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Why ever waft thou lovely in my eyes?
Bene. Sir, Sir, be patient;
For my part, I am so attir'd in wonder,
Beat. O, on my foul, my cousin is bely'd.
Leon. Confirm'd, confirm'd ! O that is ftronger made, Which was before barr'd up with ribs of iron. Would the two princes lye? and Claudio lye, Who lov'd her so, that speaking of her foulness, Wash'd it with tears? Hence from her, let her die. Friar Hear me a little,
For I have only been filent fo long,
And given way unto this courfe of fortune,
To start into her face; a thousand innocent fhames
Leon. Friar, it cannot be
Thou feest that all the grace that she hath left,
Why feek'st thou then to cover with excufe
Friar. Lady, what man is he you are accus'd of? Hero. They know that do accufe me; I know none: If I know more of any man alive,
Than that which maiden modesty doth warrant,
Friar. There is fome ftrange mifprifion in the princes.
Leon. I know not: if they speak but truth of her, Thefe hands fhall tear her; if they wrong her honour, The proudest of them fhall well hear of it. Time hath not yet fo dry'd this blood of mine, Nor age fo eat up my invention, Nor fortune made fuch havock of my means, Nor my bad life reft me fo much of friends, But they fhall find awak'd, in fuch a kind, Both ftrength of limb and policy of mind, Ability in means, and choice of friends, To quit me of them thoroughly.
Friar. Faufe a while,
And let my counfel fway you in this cafe.
Leon. What shall become of this? what will this do?
Change flander to remorfe; that is fome good :
And every lovely organ of her life
• Shall come apparell'd in more precious habit;
⚫ More moving, delicate, and full of life
Into the eye and prospect of his foul
Than when fhe liv'd indeed.' Then fhall he mourn,
If ever love had intereft in his liver,
And wish he had not fo accufed her;
No, though he thought his accufation true.
Bene. Signior Leonato, let the Friar advife you.
Leon. Being that I flow in grief,
Friar. 'Tis well confented, presently away; For to ftrange fores, ftrangely they flrain the cure. Come, Lady, die to live; this wedding-day Perhaps is but prolong'd: have patience, and endure. [Exeunt.
SCENE III. Manent Benedick and Beatrice.
Beat. You have no reafon, I do it freely.
Bene. Surely I do believe your fair coufin is wrong'd. Beat. Ah, how much might the man deferve of me, that would right her!
Bene. Is there any way to fhew fuch friendship? Beat. A very even way, but no fuch friend. Bene. May a man do it?
Beat. It is a man's office, but not your's. Bene. I do love nothing in the world fo well as you; is not that ftrange?
Beat As ftrange as the thing I know not. It were as poffible for me to fay, I loved nothing fo well as you; but believe me not, and yet I lie not; I con fefs nothing, nor I deny nothing. I am forry for my coufin:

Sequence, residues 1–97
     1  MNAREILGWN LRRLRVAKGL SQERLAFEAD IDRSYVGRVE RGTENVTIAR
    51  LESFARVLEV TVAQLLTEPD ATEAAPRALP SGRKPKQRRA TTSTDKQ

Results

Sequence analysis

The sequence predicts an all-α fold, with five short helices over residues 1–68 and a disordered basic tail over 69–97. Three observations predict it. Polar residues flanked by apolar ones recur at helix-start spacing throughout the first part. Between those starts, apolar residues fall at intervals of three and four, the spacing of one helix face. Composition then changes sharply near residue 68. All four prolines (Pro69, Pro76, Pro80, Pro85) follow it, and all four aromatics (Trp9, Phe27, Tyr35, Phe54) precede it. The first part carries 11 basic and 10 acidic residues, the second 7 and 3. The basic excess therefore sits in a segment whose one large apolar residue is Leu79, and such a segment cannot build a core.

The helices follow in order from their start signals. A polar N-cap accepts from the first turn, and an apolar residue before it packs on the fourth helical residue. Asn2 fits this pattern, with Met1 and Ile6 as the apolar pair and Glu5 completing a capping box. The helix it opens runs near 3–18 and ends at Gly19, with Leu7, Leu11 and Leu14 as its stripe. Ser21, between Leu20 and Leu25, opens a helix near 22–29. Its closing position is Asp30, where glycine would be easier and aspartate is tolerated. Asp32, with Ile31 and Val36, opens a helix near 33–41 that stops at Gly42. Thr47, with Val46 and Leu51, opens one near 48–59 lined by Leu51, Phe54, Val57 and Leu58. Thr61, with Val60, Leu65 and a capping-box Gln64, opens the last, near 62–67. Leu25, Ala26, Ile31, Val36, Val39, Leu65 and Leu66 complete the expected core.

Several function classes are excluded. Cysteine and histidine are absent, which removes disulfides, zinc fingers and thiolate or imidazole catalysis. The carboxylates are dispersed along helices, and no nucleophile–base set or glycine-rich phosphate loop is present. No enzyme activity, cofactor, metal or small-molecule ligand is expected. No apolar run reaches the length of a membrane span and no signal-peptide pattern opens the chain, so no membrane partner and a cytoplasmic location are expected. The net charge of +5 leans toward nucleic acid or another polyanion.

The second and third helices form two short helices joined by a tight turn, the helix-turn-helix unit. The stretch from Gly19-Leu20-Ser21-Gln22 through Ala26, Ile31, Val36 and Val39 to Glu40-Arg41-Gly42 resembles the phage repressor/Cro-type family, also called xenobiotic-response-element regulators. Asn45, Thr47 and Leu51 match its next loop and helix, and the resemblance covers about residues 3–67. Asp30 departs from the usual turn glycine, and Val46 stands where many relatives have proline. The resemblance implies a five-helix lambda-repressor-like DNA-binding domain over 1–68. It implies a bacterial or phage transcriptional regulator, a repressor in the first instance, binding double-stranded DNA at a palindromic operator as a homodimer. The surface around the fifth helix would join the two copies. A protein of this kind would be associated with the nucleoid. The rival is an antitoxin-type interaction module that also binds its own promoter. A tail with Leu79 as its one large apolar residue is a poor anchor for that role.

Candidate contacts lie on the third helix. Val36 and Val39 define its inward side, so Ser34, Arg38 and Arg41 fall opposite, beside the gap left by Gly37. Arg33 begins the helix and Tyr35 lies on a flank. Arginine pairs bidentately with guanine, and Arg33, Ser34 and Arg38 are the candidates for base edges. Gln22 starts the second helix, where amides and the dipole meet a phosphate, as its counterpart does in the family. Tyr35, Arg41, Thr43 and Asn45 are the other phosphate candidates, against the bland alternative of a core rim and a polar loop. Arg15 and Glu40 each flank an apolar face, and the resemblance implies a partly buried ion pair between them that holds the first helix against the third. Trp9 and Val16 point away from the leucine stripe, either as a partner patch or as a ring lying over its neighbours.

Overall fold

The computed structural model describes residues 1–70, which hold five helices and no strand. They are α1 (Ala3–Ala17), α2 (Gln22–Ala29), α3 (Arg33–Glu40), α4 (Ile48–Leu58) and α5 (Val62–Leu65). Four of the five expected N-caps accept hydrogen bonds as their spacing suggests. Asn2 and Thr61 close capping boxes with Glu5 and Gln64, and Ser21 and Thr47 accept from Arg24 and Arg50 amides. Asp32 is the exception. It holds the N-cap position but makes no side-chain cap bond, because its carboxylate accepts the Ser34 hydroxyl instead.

Bene. By my fword, Beatrice, thou lov'ft me.
Bene. I will fwear by it that you love me; and I will make him eat it that fays I love not you,
Beat. Will you not eat your word?
Bene. With no fauce that can be devis'd to it; I proteft I love thee.
Beat. Why then, God forgive me.
Bene. What offence, fweet Beatrice?
Beat. You have flay'd me in a happy hour; I was about to proteft I lov'd you.
Bene. And do it with all thy heart.
Beat. I love you with fo much of my heart, that none is left to protest.
Bene. Come, bid me do any thing for thee.
Beat. Kill Claudio.
Bene. Ha! not for the wide world.
Beat. You kill me to deny; farewel.
Bene. Tarry, fweet Beatrice.
Beat. I am gone, tho' I am here; there is no love in you; nay, I pray you, let me go. Bene. Beatrice,
Beat. In faith, I will go.
Bene. We'll be friends firft.
Beat You dare easier be friends with me, than fight with mine enemy.
Bene. Is Claudio thine enemy?
Beat. Is he not approved in the height a villain, that hath flander'd, fcorn'd, difhonour'd my kinswoman! O that I were a man! What! bear her in hand until they come to take hands, and then, with public accufation, uncover'd flander, unmitigated rancour-O God, that I were a man! I would eat his heart in the market-place
Bene. Hear me, Beatrice.
Beat. Talk with a man out at a window!-a proper faying!
Bene. Nay, but Beatrice.
Beat. Sweet Hero! fhe is wrong'd, she is flander'd, fhe is undone.
Beat. Princes and Counts! furely, a princely teftimony, a goodly count-comfect, a fweet gallant, furely! O that I were a man for his fake! or that I had any friend would be a man for my fake! But manhood is melted into curtefies, valour into compliment, and men are only turn'd into tongue, and trim ones too. He is now as valiant as Hercules, that only tells a lye, and fwears it. I cannot be a man with wifhing, therefore I will die a woman with grieving.
Bene. Tarry, good Beatrice; by this hand I love thee.
Beat. Ufe it for my love fome other way than fwearing by it.
Bene. Think you in your foul the Count Claudio hath wrong'd Hero.
Beat. Yea, as fure as I have a thought or a foul. Bene. Enough; I am engage'd; I will challenge him. I will kifs your hand, and fo leave you; by this hand,